*Download a copy of Memtest86 and burn the ISO to a CD using Iso Recorder or another ISO burning program. Memtest86+ - Advanced Memory Diagnostic Tool

*Boot from the CD, and leave it running for at least 5-7 passes.

Just remember, any time Memtest reports errors, it can be either bad RAM or a bad motherboard slot.

Test the sticks individually, and if you find a good one, test it in all slots.

Any errors are indicative of a memory problem.

If a known good stick fails in a motherboard slot it is probably the slot.


RAM - Test with Memtest86+






Driver Verifier

Quote:
Using Driver Verifier is an iffy proposition.
Most times it'll crash and it'll tell you what the driver is.
But sometimes it'll crash and won't tell you the driver.
Other times it'll crash before you can log in to Windows.
If you can't get to Safe Mode, then you'll have to resort to offline editing of the registry to disable Driver Verifier.

I'd suggest that you first backup your stuff and then make sure you've got access to another computer so you can contact us if problems arise.
Then make a System Restore point (so you can restore the system using the Vista/Windows 7 Startup Repair feature).

In Windows 7 you can make a Startup Repair disk by going to Start....All Programs...Maintenance...Create a System Repair Disc - with Windows Vista you'll have to use your installation disk or the "Repair your computer" option at the top of the Safe Mode menu .

Then, here's the procedure:
- Go to Start and type in "verifier" (without the quotes) and press Enter
- Select "Create custom settings (for code developers)" and click "Next"
- Select "Select individual settings from a full list" and click "Next"
- Select everything EXCEPT FOR "Low Resource Simulation"IRP Logging and Force Pending I/O Requests. and click "Next"
NOTE: You can use Low Resource Simulation if you'd like.
From my limited experimentation it makes the BSOD's come faster.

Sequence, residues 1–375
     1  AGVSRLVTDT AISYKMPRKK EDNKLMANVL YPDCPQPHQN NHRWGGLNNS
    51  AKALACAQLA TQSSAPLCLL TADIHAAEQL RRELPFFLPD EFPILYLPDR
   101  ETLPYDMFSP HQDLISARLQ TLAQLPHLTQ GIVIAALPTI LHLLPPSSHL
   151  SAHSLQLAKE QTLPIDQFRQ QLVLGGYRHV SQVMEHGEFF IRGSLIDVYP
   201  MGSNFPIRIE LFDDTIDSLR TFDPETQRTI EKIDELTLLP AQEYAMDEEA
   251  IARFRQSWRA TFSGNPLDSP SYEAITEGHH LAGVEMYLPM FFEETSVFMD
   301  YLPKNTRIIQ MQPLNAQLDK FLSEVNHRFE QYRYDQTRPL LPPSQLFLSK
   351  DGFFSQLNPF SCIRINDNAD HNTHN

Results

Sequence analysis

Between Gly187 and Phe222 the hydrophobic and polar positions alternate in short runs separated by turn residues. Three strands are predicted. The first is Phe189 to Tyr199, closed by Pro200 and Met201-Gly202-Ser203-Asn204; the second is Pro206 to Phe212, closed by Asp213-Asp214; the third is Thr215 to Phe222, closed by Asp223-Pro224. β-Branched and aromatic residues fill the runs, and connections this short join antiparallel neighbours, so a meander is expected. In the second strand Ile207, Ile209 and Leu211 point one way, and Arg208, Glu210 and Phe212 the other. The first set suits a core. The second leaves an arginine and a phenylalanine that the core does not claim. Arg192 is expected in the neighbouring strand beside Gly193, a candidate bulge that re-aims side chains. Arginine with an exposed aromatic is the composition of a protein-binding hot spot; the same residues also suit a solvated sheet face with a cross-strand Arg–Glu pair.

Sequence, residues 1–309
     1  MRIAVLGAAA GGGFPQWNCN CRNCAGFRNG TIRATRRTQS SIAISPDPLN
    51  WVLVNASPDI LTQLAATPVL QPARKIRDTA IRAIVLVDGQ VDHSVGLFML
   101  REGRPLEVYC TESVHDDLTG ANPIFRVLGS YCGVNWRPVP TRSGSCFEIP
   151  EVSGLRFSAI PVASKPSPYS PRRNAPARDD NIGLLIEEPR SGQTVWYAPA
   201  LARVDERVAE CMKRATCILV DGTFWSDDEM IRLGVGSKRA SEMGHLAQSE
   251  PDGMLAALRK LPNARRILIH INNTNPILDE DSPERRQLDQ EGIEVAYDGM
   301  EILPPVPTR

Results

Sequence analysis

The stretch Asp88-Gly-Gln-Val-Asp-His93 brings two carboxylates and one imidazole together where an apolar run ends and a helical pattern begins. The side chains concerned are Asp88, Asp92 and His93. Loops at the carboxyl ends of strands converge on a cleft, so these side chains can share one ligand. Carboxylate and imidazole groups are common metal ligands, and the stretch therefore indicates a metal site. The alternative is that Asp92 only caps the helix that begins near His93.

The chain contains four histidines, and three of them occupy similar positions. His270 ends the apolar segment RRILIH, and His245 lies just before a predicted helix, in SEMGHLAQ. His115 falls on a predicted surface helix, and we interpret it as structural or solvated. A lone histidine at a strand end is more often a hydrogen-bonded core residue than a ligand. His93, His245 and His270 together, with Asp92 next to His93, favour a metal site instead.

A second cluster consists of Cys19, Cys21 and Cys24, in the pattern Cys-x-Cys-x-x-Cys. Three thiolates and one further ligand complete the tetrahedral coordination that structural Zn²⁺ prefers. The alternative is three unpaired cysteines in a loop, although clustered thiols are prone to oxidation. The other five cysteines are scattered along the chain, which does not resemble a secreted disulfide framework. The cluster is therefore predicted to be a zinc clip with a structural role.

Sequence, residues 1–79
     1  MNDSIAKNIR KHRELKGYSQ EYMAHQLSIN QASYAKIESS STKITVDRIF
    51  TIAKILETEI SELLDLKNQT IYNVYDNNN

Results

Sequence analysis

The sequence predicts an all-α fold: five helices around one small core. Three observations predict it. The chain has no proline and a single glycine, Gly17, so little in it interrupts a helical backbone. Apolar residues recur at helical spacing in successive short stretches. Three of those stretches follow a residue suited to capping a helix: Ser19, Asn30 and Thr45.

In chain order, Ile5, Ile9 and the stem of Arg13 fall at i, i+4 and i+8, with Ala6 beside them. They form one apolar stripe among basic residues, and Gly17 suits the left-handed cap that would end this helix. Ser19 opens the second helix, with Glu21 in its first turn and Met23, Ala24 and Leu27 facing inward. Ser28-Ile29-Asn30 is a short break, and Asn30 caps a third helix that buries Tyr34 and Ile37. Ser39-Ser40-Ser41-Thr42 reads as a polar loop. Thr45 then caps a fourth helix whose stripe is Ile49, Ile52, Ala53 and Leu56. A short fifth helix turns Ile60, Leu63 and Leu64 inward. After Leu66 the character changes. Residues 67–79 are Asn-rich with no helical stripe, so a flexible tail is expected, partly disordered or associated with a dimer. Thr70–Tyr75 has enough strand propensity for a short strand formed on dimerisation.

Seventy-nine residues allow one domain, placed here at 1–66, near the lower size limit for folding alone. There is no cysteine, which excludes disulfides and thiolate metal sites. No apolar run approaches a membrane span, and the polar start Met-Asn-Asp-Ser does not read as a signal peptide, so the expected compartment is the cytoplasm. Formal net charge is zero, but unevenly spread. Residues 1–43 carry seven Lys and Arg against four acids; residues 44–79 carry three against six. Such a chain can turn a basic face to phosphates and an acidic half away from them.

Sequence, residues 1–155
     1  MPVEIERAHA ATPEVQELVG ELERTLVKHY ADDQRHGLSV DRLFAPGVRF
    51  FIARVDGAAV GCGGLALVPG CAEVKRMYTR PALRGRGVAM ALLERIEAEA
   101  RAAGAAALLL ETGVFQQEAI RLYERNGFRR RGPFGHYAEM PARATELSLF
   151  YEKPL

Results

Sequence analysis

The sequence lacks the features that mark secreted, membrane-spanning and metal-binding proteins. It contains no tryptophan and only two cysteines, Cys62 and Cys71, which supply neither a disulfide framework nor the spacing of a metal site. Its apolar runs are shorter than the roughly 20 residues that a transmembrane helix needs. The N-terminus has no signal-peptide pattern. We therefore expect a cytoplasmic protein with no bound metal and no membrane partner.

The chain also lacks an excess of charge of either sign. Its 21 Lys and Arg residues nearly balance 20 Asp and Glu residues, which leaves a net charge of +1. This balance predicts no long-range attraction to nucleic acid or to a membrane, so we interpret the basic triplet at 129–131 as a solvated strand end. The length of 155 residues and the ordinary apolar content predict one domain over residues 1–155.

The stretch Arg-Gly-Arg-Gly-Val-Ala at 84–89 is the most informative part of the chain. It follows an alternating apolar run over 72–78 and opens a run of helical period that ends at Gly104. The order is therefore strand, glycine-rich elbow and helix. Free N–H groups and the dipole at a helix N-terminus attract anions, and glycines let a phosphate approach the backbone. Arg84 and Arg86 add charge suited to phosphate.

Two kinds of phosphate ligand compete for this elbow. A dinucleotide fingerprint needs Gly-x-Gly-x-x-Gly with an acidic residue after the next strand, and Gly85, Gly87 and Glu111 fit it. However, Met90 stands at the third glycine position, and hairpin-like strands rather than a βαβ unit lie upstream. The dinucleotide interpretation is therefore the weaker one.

- Select "Select driver names from a list" and click "Next"
Then select all drivers NOT provided by Microsoft and click "Next"
- Select "Finish" on the next page.

If you are using win 8 add these

- Concurrency Stress Test
- DDI compliance checking

Reboot the system and wait for it to crash to the Blue Screen.
Continue to use your system normally, and if you know what causes the crash, do that repeatedly.
The objective here is to get the system to crash because Driver Verifier is stressing the drivers out.
If it doesn't crash for you, then let it run for at least 36 hours of continuous operation.
Reboot into Windows (after the crash) and turn off Driver Verifier by going back in and selecting "Delete existing settings" on the first page, then locate and zip up the memory dump file and upload it with your next post.


If you can't get into Windows because it crashes too soon, try it in Safe Mode.
If you can't get into Safe Mode, try using System Restore from your installation DVD to set the system back to the previous restore point that you created.

Thanks to JCGriff2 & Usasma.

Sysnative Forums

Driver Reference Table (DRT)


Using Driver Verifier to identify issues with Windows drivers for advanced users

Driver Verifier

Using Driver Verifier (Windows Drivers)
My System SpecsSystem Spec
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 IRQL not equal BSOD error